Too bad, so sad for a father in Pembroke, Ontario (Canada, y’all) whose son managed to buy almost $8,000 of in-game content in a FIFA game on his Xbox recently.

Lance Perkins’ 17 year old son dropped $7,625.88 CAD (about $5364.86 in USD) on EA’s FIFA game store content, which, assuming he’s playing FIFA 16, consists of “FIFA Points” – an in-game currency that allows you to buy “FUT Packs and Draft Entries” – basically, stuff to beef up your soccer/football/fútbol club. That’s a lot of draft entries; EA sells packs in increments ranging from 100 points — for $0.99 — all the way up to 12,000 points, which will set you back $99.99. Even if Perkins the Younger bought the 12,000 point packs alone, it’d still take him over 50 transactions to hit his total.

That’s dedication to the game, people.

Perkins the Elder isn’t so stoked; he contacted his credit card company and they let him know that unless he wanted to charge his own son with fraud, there’s nothing that can be done. Lance’s son maintains that he didn’t know he was being charged for every transaction “…or every time he went onto the game.” Which, for the record, doesn’t happen. Any 8BitDad readers who are also FIFA 16 players want to chime in on how easy or hard it is to make an in-game purchase?

Lance contacted Microsoft’s Xbox Customer Service, and they too said there was nothing they could do. Lance had willingly given his son his credit card. Xbox said they’d get back to Lance, and he totally shouldn’t hold his breath.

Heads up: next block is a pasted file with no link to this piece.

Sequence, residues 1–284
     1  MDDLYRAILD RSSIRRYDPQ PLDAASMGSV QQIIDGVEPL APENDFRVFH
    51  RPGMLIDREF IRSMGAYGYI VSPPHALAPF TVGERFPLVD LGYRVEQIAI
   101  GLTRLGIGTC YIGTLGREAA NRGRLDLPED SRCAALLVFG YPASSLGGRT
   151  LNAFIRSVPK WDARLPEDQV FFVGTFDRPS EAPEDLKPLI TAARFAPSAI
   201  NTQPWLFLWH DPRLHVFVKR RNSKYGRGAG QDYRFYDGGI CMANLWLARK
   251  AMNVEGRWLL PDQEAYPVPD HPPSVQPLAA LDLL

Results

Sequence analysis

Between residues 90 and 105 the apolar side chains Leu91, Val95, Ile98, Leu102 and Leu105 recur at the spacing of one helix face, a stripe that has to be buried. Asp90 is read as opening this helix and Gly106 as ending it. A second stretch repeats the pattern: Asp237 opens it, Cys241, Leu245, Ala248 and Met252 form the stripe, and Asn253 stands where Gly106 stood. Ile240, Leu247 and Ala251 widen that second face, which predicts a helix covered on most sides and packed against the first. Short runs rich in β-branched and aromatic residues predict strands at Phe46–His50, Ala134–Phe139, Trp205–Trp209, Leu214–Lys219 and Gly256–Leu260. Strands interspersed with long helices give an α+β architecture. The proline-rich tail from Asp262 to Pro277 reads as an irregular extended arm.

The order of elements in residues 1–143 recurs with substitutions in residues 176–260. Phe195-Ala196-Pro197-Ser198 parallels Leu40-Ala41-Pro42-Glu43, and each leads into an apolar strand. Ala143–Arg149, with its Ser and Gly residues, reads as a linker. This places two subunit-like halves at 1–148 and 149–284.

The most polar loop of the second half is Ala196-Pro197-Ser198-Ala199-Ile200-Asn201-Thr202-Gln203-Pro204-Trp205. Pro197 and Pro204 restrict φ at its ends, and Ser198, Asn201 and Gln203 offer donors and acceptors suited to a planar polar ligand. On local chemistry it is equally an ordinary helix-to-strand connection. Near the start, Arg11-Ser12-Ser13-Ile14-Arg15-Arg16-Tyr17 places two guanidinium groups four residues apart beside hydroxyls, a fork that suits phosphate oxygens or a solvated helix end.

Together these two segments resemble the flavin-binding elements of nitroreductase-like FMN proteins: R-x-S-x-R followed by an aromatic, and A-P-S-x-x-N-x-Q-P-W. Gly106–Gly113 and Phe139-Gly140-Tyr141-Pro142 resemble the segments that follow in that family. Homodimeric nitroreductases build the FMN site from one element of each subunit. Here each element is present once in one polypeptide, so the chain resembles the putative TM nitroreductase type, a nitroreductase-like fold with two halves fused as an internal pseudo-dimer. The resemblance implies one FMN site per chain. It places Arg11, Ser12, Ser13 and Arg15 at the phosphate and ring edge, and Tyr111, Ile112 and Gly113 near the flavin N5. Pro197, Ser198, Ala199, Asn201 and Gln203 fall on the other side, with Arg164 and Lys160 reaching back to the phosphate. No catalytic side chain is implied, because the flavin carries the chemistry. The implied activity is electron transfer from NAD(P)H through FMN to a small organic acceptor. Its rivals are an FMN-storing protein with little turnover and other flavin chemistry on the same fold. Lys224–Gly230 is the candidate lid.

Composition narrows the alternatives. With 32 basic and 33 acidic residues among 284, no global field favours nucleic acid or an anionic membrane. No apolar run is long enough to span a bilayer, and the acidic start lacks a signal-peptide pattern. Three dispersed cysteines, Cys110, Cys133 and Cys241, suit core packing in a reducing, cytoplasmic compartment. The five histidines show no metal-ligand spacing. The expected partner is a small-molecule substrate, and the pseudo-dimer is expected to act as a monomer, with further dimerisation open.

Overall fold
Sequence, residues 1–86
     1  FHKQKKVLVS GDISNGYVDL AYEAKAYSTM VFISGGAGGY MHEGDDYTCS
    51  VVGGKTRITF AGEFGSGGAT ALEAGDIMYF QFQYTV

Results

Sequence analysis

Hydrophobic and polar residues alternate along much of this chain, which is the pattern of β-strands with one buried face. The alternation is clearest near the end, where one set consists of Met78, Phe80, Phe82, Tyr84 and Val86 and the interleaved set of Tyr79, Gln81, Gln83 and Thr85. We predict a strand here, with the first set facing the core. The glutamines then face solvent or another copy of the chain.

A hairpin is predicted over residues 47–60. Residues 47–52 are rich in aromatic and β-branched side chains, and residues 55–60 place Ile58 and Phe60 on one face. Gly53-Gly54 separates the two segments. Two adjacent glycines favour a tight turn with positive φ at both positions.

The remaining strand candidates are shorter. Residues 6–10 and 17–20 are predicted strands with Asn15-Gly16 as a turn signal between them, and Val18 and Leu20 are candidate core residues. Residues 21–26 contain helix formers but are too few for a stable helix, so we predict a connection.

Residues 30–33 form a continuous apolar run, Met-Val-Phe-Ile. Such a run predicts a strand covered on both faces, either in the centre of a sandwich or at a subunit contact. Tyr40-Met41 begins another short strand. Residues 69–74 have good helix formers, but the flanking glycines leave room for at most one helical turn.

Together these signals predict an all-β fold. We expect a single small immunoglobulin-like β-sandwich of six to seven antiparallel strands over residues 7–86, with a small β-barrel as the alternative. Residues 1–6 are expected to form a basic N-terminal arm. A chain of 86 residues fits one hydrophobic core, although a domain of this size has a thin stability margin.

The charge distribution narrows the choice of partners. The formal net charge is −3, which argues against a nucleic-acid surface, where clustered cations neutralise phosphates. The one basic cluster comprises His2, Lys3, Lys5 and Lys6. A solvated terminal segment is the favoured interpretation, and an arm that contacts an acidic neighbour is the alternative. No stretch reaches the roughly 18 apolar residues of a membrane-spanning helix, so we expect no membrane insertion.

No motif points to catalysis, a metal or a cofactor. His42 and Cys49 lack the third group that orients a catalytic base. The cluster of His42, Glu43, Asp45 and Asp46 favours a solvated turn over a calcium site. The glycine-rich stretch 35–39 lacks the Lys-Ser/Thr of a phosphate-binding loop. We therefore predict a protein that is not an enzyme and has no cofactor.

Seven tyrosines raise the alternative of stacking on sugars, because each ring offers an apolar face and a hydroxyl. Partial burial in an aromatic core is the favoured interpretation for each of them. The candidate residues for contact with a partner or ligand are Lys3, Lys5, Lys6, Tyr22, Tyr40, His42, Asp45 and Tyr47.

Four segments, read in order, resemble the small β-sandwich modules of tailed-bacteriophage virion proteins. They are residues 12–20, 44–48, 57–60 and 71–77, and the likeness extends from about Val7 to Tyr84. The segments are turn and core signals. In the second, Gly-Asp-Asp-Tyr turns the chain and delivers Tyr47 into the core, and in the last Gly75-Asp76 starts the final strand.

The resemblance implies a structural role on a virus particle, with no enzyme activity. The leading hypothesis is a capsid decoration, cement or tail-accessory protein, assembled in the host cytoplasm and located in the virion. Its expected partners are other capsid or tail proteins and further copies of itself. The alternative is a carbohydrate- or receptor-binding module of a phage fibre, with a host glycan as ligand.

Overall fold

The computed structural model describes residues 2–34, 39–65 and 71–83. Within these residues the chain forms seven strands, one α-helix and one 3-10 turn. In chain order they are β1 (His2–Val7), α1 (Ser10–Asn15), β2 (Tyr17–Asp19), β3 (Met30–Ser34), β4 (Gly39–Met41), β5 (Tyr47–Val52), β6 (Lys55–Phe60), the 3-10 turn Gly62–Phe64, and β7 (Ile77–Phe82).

This sort of thing happens more often than we poke fun at it; back in 2012, a 12 year old kid in the UK powered through £1,150 on his dad’s credit card – also in FIFA, also on his Xbox. COINCIDENCE? Yeah, probably.

Parents! Lock your accounts down. Learn about your kids’ video game systems and use parental controls. Don’t just give your kid a credit card and trust that they know what to do with it. Most systems allow for purchases to be gated with a password – use it.

Lance told the CBC that “there will never be another Xbox system — or any gaming system — in my home.” This is a stupid solution. It’s much smarter to learn about the system you bought your kid. Every parent makes mistakes as they get older and more out-of-touch with the new ways video game companies have found to charge people for content. But you’ve got to be smart and figure out a baseline protection before your kid drafts away $8,000. Isn’t that worth spending an evening reading the manual?